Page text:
Does your pet like to chew or eat everything?

BY Enrique Borrego, D.V.M
dog chewing

Veterinarians treat hundreds of pets each year for a wide variety of medical conditions. Most of the time these physical ailments fall within common parameters and involve standard treatment. However, every now and then a veterinarian is confronted with an especially unusual case. These cases may offer challenges, but they are usually quite interesting.

The Dog Bone
Not long ago, at my practice in Port St. Lucie, Florida, a twenty-pound pug was brought into the clinic by concerned owners. The dog had been experiencing a lack of appetite and vomiting. Despite these problems, the little guy was alert and happy. We conducted routine laboratory diagnostics and the results were normal. We then took radiographs and were surprised by what we saw. This small dog had attempted to swallow a full pork chop bone and it was lodged in his esophagus at the entrance to the stomach.

The bone could be removed in one of two ways. The first option would entail general surgery in which the abdomen and stomach would be opened and the bone removed. The second and less invasive option would entail retrieval of the bone via an endoscopy. Option number two, an endoscopy, was the preferred method as it would be much less stressful for the dog and less expensive for the owner, as well.

Fortunately for this little fellow, we are one of the few veterinary hospitals in this region that has an endoscope. With the approval of the owners, we proceeded to anesthetize the patient and began retrieval attempts. The retrieval proved to be a challenge due to the fact that the bone was extremely slimy and difficult to grasp. However, persistence paid off and after several attempts, the bone was extracted.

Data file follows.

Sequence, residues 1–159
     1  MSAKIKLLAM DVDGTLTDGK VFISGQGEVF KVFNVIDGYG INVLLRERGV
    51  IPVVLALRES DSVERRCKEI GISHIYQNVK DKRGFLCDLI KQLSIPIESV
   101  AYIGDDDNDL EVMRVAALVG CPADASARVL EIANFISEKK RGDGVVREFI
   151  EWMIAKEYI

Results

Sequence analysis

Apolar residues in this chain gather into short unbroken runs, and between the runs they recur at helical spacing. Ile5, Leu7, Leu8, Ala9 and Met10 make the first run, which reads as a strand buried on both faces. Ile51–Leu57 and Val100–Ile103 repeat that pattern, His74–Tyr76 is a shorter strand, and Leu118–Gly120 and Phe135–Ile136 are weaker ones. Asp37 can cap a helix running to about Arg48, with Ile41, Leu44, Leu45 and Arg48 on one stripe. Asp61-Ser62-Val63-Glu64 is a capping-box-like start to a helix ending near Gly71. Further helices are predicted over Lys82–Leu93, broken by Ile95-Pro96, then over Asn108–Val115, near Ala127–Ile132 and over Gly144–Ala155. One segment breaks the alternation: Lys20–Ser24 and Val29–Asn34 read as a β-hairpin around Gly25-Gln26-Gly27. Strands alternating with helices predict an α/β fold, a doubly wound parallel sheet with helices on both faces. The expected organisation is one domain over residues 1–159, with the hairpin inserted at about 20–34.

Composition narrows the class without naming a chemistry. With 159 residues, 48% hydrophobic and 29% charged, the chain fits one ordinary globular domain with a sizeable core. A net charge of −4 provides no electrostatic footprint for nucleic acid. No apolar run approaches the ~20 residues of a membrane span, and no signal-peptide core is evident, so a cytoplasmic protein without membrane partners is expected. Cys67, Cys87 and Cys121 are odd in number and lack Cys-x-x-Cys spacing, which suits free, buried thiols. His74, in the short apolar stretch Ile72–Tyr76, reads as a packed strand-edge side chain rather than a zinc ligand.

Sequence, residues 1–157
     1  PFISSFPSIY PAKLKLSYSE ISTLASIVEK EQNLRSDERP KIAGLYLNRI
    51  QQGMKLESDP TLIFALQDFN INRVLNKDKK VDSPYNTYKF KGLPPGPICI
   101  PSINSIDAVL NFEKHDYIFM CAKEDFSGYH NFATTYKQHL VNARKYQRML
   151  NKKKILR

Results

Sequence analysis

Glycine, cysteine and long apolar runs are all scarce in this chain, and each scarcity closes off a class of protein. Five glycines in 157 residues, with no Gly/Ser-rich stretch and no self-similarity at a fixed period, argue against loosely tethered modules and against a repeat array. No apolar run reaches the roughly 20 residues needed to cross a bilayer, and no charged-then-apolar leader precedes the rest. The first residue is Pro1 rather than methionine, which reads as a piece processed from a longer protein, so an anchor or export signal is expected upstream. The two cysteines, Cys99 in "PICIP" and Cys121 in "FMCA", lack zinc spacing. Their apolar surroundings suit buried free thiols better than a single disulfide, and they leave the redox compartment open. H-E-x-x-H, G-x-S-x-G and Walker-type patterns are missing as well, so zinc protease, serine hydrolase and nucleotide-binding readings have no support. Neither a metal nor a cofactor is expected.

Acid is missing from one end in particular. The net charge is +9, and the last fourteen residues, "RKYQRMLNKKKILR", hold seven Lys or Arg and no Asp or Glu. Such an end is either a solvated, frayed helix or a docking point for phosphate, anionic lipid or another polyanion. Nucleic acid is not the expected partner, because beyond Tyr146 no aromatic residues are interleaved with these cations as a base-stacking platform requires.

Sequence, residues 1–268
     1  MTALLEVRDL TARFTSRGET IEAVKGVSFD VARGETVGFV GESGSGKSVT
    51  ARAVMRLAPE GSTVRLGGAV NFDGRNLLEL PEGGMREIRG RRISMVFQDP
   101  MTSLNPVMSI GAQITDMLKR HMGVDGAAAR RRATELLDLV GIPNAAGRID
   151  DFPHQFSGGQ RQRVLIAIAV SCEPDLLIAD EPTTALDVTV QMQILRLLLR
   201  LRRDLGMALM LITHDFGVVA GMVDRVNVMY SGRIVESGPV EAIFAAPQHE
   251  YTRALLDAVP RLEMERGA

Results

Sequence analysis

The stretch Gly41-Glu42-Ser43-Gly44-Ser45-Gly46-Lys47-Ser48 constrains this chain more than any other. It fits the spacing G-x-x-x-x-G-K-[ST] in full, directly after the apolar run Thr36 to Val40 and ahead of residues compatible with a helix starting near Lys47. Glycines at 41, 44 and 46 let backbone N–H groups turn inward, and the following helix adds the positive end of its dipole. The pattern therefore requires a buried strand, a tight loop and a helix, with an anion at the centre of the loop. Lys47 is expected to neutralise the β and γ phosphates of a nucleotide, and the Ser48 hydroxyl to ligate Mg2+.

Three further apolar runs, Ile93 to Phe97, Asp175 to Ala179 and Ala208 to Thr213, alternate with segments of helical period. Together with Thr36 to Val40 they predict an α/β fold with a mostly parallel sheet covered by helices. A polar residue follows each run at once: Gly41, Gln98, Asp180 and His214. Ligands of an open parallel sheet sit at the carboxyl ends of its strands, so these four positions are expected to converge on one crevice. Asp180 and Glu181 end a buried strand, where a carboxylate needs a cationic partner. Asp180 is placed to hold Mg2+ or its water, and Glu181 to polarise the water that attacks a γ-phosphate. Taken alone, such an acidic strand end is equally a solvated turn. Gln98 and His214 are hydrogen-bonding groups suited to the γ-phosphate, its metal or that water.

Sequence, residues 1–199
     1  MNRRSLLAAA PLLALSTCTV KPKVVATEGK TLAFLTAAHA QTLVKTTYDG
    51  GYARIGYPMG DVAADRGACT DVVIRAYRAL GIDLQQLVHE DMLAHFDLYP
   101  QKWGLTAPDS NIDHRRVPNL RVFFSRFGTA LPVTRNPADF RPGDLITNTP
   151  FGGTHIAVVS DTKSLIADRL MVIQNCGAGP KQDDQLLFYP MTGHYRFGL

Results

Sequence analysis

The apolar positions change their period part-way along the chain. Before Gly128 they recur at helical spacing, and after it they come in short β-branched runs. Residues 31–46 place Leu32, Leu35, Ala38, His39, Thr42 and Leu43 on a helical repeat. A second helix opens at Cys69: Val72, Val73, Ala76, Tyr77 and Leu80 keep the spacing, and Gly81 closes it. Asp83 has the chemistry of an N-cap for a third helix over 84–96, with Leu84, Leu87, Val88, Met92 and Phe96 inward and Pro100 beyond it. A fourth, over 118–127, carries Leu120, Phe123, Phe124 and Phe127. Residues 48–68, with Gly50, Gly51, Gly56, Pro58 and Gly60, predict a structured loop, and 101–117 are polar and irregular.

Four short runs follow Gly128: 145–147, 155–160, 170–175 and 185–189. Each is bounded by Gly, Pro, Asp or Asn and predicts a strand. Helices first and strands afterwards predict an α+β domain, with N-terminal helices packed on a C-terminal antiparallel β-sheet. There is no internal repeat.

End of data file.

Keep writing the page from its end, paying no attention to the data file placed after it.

The successful endoscopy required much less “down time” than general surgery would have required and the dog was able to go home the same day. He did well with a short course of antibiotics and medications to speed healing and was soon back to normal. To this day, I still wonder how this dog was able to swallow that bone!

The Cat Leg
Another case that comes to mind involved a cat that came to me with a swollen mouth. This poor cat was in a lot of pain with one side of his lower gum extremely inflamed and ulcerated. As one can imagine, he was none too happy when I was checking his mouth, but with a gentle examination I was able to glimpse an object that looked like the end of a twig, protruding from one side of his gum.

cat health internal
The cat’s owner was very worried about his beloved pet and the decision was made to put the cat under anesthesia right away for a closer examination. The examination revealed that there was, indeed, some sort of foreign object embedded between the gum and the teeth, extending along the entire lower side of the cat’s jaw. I grasped the twig-like object with forceps and after gentle manipulation I was able to extract it. Much to my surprise, I discovered that it wasn’t a twig at all; in my forceps I held the leg of a cricket! The hook-like spines in the leg had anchored themselves to the gum and had worked their way into the skin.

I repaired the oral lesions caused by the cricket leg and the cat was able to go home, feeling much better than when he arrived. Without the irritation caused by the cricket leg he made a speedy recovery. I imagine he’ll think twice next time he’s tempted to go after a cricket!

Our pets are full of surprises, it seems. As veterinarians, we find these unusual cases to be interesting, but they serve as a reminder that we must be vigilant and keep a close eye on our precious pets to keep them safe and healthy.

About the author, Enrique Borrego, D.V.M., has been practicing veterinary medicine in South Florida since 1986. He has served as the medical director and veterinarian for Animal General Hospital since 1991. In 2001 he built the current facility on Port St. Lucie Blvd. and dedicates his practice to the care and treatment of small animals. The Doctor encourages you to please feel free to visit the website at or call 772-344-8835 with your questions or for more information.

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